In Atlanta? You Can Soon Sign Up For Internet Twice As Fast As Google Fiber. The Downside: It’s From Comcast

Atlanta residents are now well-poised to join inhabitants of metro Raleigh and Kansas City as citizens of one of the nation’s few crucibles of fiber competition. Comcast is setting its sights squarely on Google Fiber today with the announcement of a new fiber to the home offering at twice Google’s speed, and Atlanta is the lucky city getting first dibs.

The service is not called “True Gig,” as earlier trademarks indicated it might be; it’s simply Gigabit Pro. Despite the “Pro” in the name, however, the announcement clearly specifies residential multi-gigabit broadband service, so it’s not just for businesses.

Comcast also specifies that the service will be available to “any home within close proximity of Comcast’s fiber network and will require an installation of professional-grade equipment.”

An exec for the company, VP of internet services Jason Livingood, also confirmed on Twitter that the Gigabit Pro service will not be subject to data caps.

The announcement really is good news for customers who happen to live in the right place and who can afford the service. Who wouldn’t want a 2 Gbps symmetrical home fiber connection? Despite an editorial penned two years ago by Comcast mouthpiece David L. Cohen saying that nobody really needs gigabit connections, everybody seems to be clamoring for them anyway.

However, as we’ve seen in the past just because the cable giant will offer the service “to more than 1.5 million customers” is no guarantee that those customers will actually be able to enroll. Even if Comcast swears up and down that they can.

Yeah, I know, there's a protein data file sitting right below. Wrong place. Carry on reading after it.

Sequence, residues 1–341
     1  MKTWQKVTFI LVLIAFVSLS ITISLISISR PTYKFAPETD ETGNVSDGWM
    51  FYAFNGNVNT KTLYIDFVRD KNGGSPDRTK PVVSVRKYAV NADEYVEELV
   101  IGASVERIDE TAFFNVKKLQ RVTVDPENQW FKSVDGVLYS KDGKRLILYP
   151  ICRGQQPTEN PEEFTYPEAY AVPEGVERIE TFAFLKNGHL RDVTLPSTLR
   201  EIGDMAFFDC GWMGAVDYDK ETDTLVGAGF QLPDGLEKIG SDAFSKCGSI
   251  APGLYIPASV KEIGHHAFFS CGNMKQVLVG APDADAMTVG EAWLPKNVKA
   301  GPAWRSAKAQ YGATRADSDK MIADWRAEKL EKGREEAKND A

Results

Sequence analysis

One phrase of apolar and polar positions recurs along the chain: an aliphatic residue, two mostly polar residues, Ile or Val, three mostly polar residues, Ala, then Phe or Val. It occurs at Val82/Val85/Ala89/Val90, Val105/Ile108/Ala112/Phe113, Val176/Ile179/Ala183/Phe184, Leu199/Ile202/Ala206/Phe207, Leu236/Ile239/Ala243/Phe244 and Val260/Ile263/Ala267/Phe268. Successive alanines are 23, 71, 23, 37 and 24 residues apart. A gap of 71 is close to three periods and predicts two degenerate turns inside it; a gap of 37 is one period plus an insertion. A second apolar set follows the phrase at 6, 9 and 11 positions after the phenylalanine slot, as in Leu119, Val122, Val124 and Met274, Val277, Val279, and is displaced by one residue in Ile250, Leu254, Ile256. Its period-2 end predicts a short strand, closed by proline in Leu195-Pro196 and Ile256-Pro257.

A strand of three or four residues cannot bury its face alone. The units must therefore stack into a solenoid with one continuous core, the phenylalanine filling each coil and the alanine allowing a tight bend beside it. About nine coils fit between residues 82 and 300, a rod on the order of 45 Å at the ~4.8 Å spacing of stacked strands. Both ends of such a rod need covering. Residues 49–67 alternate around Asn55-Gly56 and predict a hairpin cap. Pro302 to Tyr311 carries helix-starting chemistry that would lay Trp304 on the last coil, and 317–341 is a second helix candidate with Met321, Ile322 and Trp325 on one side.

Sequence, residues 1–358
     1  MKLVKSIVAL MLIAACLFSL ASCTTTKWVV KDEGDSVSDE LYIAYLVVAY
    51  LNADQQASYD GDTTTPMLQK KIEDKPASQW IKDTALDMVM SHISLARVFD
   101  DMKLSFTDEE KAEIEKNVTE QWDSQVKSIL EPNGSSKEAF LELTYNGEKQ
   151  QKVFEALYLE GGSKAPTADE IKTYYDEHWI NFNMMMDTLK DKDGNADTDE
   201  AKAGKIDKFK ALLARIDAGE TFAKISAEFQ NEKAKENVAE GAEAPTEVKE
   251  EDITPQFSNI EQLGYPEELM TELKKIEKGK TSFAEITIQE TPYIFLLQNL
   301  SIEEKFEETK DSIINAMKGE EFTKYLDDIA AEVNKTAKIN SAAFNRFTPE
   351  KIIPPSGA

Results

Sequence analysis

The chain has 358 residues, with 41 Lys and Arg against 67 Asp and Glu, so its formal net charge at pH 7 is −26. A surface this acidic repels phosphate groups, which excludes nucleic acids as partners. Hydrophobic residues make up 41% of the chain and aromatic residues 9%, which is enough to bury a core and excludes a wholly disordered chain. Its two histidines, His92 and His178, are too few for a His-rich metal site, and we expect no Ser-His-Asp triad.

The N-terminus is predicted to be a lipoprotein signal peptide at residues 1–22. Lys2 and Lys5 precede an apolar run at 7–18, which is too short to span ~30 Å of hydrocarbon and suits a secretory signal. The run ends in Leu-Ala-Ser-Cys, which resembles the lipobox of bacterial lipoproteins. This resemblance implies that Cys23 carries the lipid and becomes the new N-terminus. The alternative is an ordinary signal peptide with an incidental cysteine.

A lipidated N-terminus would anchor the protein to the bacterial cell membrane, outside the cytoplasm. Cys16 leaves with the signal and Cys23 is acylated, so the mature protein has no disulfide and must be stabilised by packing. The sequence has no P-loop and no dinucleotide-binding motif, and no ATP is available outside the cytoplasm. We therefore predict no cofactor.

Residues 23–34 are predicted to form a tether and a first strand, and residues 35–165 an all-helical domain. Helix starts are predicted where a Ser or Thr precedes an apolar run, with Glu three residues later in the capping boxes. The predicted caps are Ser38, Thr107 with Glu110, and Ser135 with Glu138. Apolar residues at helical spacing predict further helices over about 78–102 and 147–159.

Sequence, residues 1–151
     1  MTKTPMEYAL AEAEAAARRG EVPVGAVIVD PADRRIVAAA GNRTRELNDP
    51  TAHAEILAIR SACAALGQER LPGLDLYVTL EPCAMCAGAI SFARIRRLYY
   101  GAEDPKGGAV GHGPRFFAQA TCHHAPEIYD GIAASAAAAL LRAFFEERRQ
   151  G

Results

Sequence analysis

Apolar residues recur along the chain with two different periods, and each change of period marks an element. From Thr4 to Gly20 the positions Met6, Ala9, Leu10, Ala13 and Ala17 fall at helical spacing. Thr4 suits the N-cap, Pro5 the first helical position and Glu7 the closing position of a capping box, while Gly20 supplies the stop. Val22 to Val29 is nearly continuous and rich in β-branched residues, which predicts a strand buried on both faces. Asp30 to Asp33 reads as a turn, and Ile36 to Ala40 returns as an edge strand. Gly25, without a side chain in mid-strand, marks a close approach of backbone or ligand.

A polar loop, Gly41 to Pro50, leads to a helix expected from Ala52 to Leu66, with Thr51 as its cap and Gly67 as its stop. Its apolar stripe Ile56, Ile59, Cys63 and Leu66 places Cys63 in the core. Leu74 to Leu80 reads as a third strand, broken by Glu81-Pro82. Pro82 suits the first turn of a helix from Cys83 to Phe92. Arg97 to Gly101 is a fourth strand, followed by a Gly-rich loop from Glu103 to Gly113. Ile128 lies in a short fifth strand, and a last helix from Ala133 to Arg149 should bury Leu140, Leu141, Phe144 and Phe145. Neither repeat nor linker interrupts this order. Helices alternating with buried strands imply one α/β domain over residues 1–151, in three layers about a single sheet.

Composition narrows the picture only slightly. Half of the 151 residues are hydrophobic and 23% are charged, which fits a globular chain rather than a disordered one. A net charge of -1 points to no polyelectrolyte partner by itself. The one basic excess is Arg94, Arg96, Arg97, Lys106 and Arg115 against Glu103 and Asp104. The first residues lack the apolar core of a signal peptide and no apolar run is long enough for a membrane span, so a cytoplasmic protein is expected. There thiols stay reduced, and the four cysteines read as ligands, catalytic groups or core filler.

Comcast also seems to be making some awfully large promises, on first blush. In a blog post about the rollout, Comcast executive Marcien Jenckes adds, “We’ll first offer this service in Atlanta and roll it out in additional cities soon with the goal to have it available across the country and available to about 18 million homes by the end of the year.”

The trick is, “available to about 18 million homes this year” doesn’t actually mean, “we can upgrade 18 million existing Comcast subscribers this year.”

Comcast has approximately 22 million total subscribers, as of the end of 2014. (If they are permitted to merge with Time Warner Cable, the combined company will have upwards of 30 million customers.)

Although there are indeed also plans in the works — as Comcast describes — to upgrade the cable connection speeds for most of those existing 22 million customers this year through other means, the pool of “22m existing subscribers” and “18m homes that can get Gigabit Pro fiber this year” are not exactly the same pool.

The 18m homes, instead, seems to refer to the number of residents within a certain distance of Comcast’s fiber lines in the cities — like the Atlanta metro area’s 5.5 million — where the company has plans to offer the service. That number may also include cites currently in TWC’s service area.

The other major caveat? There’s no word on pricing. Google Fiber pretty famously offers their gigabit service for $70 per month, which has caused competitors in those limited markets to match the price. But although Google does have plans to bring Fiber to Atlanta, those plans are in the early design stage and it will be months, if not years, before anyone in the area is brought online. The same goes for AT&T, which has vowed to bring its GigaPower service to Atlanta, but is likewise still only in the planning phase.

That means Comcast gets first dibs on those would-be fiber customers, and that they get to launch without low-priced competition (or any fiber competition) in the neighborhood. A timed exclusive, as it were. By the time anyone else can get to market, Comcast will (they hope) have an entrenched subscriber base. But without competition on the block, they don’t have to keep their prices as low.

We’ll find out what they plan to charge when the company unveils its pricing and plan options next month.

Want more consumer news? Visit our parent organization, Consumer Reports, for the latest on scams, recalls, and other consumer issues.